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How do barbershops get free magazine subscriptions?
April 13, 2007 7:37 PM   Subscribe

Every time I go to a classic barbershop, I have noticed that they receive every magazine and newspaper under-the-sun. I recently asked my barber how he affords all of them, and he says that they just show up. Does anyone know how this happens? I assume the publishers have programs that identify and send free subscriptions to places where people "wait?" Does anyone know more about formal services that facilitate this?
posted by tdabbott to Media & Arts (14 answers total) 3 users marked this as a favorite
 
At the barber shops I frequent, the owner subscribes to a couple magazines himself and the rest are left there by customers.
posted by ardgedee at 7:40 PM on April 13, 2007


Yeah did you notice if the magazines are current? I have a dentist's office and a bus station that I go too that both have a ton of magazines but they're all from other people who must drop them off on semi-regular visits there and they're a month or two out of date.
posted by jessamyn at 7:43 PM on April 13, 2007


I can't speak for barbershops, but I work for a company that publishes parenting mags. We'll give away subsrcriptions to doctors' offices because they're the single best place to hit people in our target demographic. I wouldn't be suprised if Playboy and Guns & Ammo have similar programs in barbershops, since it seems like I can't walk into one without seeing a stack of both publications.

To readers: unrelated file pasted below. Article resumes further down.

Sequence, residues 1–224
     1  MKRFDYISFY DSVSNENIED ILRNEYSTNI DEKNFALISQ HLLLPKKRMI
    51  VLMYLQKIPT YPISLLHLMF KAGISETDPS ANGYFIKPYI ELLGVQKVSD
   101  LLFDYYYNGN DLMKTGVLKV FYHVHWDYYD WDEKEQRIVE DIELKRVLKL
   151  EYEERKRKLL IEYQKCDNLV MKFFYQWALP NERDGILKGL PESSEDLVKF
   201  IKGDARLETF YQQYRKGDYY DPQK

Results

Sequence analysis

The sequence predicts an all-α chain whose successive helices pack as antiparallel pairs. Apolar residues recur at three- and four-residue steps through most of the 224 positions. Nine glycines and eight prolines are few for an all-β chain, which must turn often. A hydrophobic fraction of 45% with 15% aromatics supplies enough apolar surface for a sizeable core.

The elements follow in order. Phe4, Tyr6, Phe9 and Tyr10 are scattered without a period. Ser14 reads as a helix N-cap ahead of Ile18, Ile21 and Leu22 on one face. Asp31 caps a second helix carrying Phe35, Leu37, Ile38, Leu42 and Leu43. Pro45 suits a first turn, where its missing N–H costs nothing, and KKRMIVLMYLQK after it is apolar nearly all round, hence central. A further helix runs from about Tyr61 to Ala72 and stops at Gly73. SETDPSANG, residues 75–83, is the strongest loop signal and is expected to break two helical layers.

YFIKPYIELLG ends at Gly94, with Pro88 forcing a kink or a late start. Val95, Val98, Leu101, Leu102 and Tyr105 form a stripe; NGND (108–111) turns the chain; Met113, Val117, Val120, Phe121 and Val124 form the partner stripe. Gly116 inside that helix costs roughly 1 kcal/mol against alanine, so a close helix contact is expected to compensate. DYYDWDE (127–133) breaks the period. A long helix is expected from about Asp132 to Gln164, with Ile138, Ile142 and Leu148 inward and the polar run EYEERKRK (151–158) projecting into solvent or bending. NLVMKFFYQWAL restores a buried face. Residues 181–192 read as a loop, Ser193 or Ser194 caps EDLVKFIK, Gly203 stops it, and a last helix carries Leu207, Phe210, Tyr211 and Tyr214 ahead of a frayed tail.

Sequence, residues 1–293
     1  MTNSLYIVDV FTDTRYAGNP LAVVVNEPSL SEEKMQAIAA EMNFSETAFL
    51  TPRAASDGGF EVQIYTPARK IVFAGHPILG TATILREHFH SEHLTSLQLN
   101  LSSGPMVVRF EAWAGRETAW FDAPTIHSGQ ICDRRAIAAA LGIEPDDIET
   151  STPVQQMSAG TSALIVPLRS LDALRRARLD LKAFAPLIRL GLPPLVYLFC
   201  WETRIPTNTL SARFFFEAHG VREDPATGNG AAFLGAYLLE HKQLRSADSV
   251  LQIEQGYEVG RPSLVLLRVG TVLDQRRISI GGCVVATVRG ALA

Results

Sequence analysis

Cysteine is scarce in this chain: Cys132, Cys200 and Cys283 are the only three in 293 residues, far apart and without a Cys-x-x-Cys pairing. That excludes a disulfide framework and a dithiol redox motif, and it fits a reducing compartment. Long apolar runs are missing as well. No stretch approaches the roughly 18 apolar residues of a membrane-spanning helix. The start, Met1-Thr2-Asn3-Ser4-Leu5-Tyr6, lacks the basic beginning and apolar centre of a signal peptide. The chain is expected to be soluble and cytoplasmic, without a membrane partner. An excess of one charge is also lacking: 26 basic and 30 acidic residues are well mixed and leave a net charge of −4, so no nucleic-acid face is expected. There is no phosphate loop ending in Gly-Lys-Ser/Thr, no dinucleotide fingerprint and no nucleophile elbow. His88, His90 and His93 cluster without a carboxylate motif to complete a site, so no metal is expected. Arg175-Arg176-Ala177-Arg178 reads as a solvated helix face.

posted by sonofslim at 7:49 PM on April 13, 2007


It looks like a niche service.
posted by Rhomboid at 7:50 PM on April 13, 2007


And in addition, there are mailing list providers for practically any imaginable demographic, so I'm sure they have lists for offices of barbers/doctors that the publishers use to send complimentary subscriptions.
posted by Rhomboid at 7:53 PM on April 13, 2007


The magazine publishers get much more money from advertising than from sales, so they give away subscriptions to places like these to help their circulation figures. It's also good advertising for them (well, if anyone ever reads the magazines) and they can target their demographics pretty well with certain types of shop - I bet places like barbershops are very good for this purpose. I'm not sure if there are formal services that do this, though.
posted by A Thousand Baited Hooks at 8:05 PM on April 13, 2007


freebizmag.com. Enter your details and you'll be able to choose all kinds of magazines. We've gotten Rolling Stone, Glamour, Jane, Spike, Utne Reader, Wine Enthusiast, Sports Illustrated, Sail, and a bunch of others, all free.
posted by Floydd at 8:07 PM on April 13, 2007 [1 favorite]


Yep, there are companies that do this. Magazine ads are sold on readership, and research shows that the readers per copy are higher for "public place" copies. In theory, a magazine with a high reader per copy can command higher ad rates than another mag with the same circulation but lower readers per copy... I think. I haven't worked in publishing in a while, and I forget stuff.